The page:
As a Christmas present, my older sister took me to watch the big screen adaptation of the epic stage musical Les Miserables.
As a child I would wait anxiously for the film adaptations of Phantom of the Opera, Cats, Miss Saigon and Les Miserables. Phantom as we all know came and went on film in 2004. Cats was filmed onstage for home viewing. Miss Saigon really needs to be a film now if not just for the fact that onstage they have a helicopter flying out of it. Things that grand need to be put on film.
And then there's Les Miserables. Upon it's release as a stage musical, all the advertisements showed an illustration of a young poor cleaning girl. Who is that girl, I wondered. What's her story? Why is she, among this cast of hundreds, chosen to represent this grand story on a poster?
Of course every time someone tried to answer my question, I would get even more confused. Les Miserables has a very busy and involved story. I've seen it onstage several times now, and I'm pretty sure I'm only getting about half of the actual story in each viewing. The music though, is very beautiful.
The Les Miserables movie is immediately unique due to the fact that all the vocals are recorded LIVE. The only other movie musical I know that has done this is some of the vocals in Bette Midler in Gypsy. This is a huge step in the production of movie musicals and I hope it's a practice that keeps on happening. The result in Les Miserables is amazing.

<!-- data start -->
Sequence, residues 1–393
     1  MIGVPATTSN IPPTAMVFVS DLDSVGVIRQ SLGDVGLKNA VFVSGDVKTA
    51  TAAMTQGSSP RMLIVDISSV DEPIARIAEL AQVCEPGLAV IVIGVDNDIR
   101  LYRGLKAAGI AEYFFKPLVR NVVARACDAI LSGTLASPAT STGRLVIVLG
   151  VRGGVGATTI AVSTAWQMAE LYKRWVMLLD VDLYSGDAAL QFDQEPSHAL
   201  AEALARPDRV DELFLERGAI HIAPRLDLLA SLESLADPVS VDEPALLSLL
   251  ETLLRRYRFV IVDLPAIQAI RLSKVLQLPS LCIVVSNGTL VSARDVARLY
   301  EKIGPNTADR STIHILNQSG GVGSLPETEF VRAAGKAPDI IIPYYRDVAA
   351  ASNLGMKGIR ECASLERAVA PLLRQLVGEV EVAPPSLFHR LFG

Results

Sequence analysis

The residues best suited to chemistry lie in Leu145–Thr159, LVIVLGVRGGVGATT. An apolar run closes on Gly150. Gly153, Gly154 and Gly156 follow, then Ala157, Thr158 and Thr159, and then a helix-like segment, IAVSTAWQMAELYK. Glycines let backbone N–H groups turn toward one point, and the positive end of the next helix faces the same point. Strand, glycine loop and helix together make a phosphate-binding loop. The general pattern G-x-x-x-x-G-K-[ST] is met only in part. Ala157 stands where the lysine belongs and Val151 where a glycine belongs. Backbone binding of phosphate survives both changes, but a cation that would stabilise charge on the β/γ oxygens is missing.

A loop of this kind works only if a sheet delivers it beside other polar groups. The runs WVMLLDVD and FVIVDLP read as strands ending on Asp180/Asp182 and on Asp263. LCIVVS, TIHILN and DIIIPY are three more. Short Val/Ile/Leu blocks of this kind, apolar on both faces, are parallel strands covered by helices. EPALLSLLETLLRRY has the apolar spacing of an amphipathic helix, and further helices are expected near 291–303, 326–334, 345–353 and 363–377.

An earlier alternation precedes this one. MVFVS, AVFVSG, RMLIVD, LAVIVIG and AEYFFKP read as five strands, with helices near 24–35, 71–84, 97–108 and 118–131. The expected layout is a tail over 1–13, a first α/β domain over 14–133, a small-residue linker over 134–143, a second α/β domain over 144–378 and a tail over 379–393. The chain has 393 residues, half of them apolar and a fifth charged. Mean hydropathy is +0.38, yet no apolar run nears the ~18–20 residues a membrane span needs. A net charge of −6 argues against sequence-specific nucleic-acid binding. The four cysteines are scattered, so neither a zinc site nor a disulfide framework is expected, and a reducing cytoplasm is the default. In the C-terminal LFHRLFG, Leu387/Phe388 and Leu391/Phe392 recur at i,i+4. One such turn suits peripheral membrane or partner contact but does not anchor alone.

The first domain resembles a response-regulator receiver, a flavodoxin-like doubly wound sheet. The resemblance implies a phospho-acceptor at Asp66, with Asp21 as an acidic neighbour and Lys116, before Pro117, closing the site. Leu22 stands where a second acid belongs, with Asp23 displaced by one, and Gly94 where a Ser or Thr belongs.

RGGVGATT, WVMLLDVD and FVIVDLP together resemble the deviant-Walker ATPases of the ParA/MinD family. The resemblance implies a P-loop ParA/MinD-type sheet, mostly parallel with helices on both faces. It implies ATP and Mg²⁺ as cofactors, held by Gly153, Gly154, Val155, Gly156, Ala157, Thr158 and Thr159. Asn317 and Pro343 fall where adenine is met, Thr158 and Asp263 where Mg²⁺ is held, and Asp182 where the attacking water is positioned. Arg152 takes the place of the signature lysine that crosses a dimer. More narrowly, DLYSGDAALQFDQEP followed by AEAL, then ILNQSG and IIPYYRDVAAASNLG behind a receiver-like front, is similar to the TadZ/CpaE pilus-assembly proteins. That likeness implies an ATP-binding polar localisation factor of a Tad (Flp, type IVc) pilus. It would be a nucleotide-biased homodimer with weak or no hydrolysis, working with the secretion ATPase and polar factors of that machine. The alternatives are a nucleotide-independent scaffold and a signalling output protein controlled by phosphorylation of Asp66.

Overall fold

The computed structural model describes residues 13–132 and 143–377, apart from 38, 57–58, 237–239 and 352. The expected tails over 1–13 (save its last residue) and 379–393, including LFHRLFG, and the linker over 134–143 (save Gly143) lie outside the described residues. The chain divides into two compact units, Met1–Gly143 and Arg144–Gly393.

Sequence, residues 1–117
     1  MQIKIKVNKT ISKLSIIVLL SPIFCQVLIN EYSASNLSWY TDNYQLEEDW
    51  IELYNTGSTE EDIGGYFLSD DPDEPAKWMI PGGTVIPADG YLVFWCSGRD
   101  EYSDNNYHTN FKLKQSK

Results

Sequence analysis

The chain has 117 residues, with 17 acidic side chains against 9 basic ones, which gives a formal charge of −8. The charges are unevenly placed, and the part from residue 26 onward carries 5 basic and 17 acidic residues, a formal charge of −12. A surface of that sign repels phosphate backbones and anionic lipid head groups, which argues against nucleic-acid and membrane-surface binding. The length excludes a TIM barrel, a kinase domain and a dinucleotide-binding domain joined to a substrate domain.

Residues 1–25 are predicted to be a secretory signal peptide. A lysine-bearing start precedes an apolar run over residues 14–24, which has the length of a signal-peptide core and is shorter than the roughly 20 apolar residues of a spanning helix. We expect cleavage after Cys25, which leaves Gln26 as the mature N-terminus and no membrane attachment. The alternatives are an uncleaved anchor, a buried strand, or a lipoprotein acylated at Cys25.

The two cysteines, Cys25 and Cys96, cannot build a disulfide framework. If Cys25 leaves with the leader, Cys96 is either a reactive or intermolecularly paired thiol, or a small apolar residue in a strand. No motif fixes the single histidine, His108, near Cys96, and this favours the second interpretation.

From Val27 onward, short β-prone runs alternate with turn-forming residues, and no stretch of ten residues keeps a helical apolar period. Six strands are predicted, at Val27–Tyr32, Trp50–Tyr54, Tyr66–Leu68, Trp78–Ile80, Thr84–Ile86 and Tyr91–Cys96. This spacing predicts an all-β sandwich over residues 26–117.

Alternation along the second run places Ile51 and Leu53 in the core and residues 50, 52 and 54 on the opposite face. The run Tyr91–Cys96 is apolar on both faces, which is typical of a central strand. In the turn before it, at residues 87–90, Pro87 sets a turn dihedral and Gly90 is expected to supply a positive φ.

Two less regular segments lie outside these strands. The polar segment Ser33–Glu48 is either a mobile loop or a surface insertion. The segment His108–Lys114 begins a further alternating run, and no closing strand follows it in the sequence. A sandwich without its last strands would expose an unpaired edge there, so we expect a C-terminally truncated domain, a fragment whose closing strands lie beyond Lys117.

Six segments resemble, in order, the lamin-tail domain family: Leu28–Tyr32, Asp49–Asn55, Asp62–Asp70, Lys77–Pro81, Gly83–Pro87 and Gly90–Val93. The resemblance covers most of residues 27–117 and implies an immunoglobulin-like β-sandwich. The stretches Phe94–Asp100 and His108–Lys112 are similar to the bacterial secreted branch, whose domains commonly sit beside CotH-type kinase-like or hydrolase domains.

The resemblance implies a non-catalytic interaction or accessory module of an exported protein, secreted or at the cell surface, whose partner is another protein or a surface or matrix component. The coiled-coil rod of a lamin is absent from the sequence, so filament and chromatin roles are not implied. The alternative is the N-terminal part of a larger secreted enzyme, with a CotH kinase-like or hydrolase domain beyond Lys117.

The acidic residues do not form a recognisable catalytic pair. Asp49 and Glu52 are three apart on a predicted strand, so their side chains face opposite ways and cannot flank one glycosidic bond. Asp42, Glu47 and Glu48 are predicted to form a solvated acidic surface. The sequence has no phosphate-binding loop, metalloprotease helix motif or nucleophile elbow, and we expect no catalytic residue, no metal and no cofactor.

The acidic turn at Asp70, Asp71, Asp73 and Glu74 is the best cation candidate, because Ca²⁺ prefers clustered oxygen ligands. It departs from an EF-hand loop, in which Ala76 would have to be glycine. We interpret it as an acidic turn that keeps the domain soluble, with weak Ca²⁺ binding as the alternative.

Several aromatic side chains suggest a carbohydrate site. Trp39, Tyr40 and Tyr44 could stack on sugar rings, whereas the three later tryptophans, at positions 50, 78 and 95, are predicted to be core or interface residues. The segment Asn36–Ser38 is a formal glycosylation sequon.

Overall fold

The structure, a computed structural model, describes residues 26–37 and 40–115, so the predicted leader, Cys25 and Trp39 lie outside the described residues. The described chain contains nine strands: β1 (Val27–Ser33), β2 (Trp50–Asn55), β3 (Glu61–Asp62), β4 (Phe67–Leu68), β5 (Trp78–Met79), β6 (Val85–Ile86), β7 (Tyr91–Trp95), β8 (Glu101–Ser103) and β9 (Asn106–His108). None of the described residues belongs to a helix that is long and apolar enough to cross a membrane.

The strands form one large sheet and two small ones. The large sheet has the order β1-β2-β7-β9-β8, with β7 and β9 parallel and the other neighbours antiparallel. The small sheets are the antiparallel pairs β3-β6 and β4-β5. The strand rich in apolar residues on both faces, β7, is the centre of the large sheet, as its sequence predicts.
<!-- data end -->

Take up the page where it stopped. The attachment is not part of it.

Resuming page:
The film adaptation of the musical takes original libretto and does a unique task of making the piece both grander, and intimate. We are exposed to these awesome sweeping shots, but once the characters have a moment to themselves, the camera is focused on their faces, with almost no cutaways, as they sing these great ballads. I have heard "On My Own" and "I Dreamed a Dreamed" many times whether it be onstage, on karaoke or at a (gasp) audition, but they felt very fresh in this movie. Hugh Jackman of course shines as our main hero, Jean Valjean. He did do musicals before he was a movie star. Vocally I was truly impressed with Anne Hathaway and Eddie Redmayne. Anne, as the suffering Fantine, has long wanted to do a movie musical, and WOW, what a place to start. Eddie Redmayne, as Marius, does an outstanding job of externalizing the internal emotions of his character.
This movie has guts. It really dives into the story and music and takes us on this grand musical, opera-like ride. I am glad to say that Les Miserables, a movie musical that I kind of have been waiting for, is a pretty awesome and unique film that I'm sure I'll be watching repeatedly a lot, and not just because the story is so interwoven.